Welcom to the Future, Part 2: Star Trek Continues

Photo credit: Farragut Films, Dracogen Strategic Investments and Vic Mignogna.

Photo credit: Farragut Films, Dracogen Strategic Investments and Vic Mignogna.

Fan-made Star Trek films and web series are nothing new. The first ones hit the Internet way back in 2000. However, a quick survey of these productions reveals that most of them suffer from substandard script-writing, substandard acting, or both, to say nothing of the special effects.

Not so for the latest fan series, Star Trek Continues. This series aims to produce the cancelled final two seasons of the Enterprise’s original five-year mission. You can watch the first episode, “The Pilgrim of Eternity”, here.

Simply put, Star Trek Continues is the best fan series out there. The only thing that comes close is probably Star Trek: Of Gods and Men, which also happens to have by far the highest concentration of original series actors. Continues doesn’t have that advantage, but they do have real actors on their team, and they have worked hard to capture the feel of the original Star Trek, from Vic Mignogna’s spot-on replication of William Shatner’s infamous acting to, yes, even the cheesy 1960s special effects.

“The Pilgrim of Eternity” may still be a little rough around the edges, and the implied 2 or 3 episode per year production schedule is not encouraging, but I’m eager to see how the series develops.

So why does this show that we’re living in the Future? Because it shows that we are reaching the point where a bunch of amateurs with an Internet connection (and maybe a Kickstarter campaign) can compete with professional studios. Combine that with Steven Spielberg’s and George Lucas’s prediction of the impending implosion of Hollywood, and we could be in for the biggest media shake-up since…well…the Internet.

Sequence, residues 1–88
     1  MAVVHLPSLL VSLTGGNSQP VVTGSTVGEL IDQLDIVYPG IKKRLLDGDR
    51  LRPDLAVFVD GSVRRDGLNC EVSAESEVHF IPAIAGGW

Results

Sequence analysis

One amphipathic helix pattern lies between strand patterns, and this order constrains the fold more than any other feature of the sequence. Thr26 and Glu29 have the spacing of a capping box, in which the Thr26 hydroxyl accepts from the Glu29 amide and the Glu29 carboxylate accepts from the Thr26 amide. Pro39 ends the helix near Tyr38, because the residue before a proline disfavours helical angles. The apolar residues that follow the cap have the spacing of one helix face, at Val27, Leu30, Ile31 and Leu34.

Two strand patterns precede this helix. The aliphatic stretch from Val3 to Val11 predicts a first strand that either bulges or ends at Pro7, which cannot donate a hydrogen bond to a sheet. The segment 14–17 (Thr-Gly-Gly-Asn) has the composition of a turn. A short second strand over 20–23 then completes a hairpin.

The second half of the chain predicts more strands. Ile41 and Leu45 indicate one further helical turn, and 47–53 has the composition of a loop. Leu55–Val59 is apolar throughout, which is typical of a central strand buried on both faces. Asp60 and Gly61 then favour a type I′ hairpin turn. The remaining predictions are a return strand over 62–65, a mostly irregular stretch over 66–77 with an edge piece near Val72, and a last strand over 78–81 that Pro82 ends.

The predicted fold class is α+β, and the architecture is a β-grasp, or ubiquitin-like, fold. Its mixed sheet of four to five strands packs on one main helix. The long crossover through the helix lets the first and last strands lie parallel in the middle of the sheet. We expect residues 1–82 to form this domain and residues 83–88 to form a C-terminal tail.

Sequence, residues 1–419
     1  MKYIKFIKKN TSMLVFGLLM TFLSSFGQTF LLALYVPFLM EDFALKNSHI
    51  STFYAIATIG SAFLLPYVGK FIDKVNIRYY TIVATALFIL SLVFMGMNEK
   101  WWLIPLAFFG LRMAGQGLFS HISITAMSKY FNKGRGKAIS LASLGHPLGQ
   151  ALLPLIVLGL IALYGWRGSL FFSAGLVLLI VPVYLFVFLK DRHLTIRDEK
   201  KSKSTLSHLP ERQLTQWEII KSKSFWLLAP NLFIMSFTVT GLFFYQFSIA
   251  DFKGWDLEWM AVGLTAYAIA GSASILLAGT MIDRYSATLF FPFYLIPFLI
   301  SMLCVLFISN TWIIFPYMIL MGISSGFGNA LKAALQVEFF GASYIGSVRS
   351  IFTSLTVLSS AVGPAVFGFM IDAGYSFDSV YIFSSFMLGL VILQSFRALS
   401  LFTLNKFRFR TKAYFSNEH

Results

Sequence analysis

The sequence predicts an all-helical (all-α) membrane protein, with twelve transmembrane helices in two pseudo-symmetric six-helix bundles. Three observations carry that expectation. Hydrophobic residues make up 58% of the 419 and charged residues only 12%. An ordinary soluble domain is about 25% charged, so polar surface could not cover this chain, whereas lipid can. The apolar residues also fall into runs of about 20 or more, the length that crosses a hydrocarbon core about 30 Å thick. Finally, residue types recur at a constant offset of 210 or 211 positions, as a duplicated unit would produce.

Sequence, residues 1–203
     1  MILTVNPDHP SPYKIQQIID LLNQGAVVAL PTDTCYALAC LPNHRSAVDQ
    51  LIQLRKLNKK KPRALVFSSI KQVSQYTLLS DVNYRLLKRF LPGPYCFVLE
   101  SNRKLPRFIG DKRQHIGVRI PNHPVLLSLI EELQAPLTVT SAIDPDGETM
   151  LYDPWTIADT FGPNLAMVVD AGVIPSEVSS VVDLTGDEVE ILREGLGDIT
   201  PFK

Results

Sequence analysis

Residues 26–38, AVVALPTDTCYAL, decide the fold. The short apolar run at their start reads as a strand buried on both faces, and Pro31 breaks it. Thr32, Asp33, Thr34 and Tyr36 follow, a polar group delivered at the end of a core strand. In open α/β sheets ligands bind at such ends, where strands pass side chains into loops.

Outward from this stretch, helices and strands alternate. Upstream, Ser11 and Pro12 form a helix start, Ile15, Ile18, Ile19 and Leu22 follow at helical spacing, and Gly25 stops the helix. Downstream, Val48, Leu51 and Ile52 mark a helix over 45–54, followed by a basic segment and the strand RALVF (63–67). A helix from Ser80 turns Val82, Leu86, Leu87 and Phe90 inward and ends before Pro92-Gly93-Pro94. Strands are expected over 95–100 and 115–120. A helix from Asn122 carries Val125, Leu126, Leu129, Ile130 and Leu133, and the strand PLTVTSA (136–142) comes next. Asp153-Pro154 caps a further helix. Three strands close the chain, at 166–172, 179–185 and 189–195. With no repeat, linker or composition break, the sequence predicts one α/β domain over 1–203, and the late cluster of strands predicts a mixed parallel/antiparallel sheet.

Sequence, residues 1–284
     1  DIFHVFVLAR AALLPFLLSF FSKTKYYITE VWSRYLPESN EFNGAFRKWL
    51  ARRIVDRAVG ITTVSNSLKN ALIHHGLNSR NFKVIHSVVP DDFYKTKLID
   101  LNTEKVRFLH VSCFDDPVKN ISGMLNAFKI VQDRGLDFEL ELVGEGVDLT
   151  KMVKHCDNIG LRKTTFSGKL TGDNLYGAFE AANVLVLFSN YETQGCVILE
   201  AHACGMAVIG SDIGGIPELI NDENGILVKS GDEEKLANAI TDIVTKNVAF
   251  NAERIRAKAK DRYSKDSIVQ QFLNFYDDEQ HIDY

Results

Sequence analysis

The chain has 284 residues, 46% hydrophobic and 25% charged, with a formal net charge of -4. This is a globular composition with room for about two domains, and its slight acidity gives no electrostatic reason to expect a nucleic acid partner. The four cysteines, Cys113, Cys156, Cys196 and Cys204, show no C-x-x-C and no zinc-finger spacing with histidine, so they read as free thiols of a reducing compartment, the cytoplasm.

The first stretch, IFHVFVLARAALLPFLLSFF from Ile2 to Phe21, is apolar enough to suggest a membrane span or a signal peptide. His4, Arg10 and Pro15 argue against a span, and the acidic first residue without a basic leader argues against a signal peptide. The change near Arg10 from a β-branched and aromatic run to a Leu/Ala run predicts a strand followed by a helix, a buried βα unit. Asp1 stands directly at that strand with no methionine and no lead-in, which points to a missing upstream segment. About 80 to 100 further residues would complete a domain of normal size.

To be sure, we have a long way to go. Good luck moving special effects much past 1990 without a professional team, for example, but we are getting there. Let’s leave aside for a moment the inevitable copyright debacle* and the emerging problem of quality control. Just imagine the world 10 or 20 years hence, when it becomes economical for fans to made their own full-length films and TV series, for no cost beyond donations, which are better written and almost as well executed as what the big networks put out.

What will the landscape look like then, especially in science fiction, where it’s easy to get a cult following? Star Wars prequels that are actually good? A remake of Firefly? (God willing!) Or, failing those, how about original, intelligent series that rival anything the cable networks put out, but which don’t have the sword of cancellation hanging over their heads for anything besides actual quality? What do you think? What do you want to see from the new media?

It may sound optimistic to some, but I say it’s already started. Welcome to the Future.

*Expect the whole copyright mess to come to a head sometime between now and 2023, when the first Mickey Mouse cartoons hit public domain.

About Alex R. Howe

I'm a full-time astrophysicist and a part-time science fiction writer.
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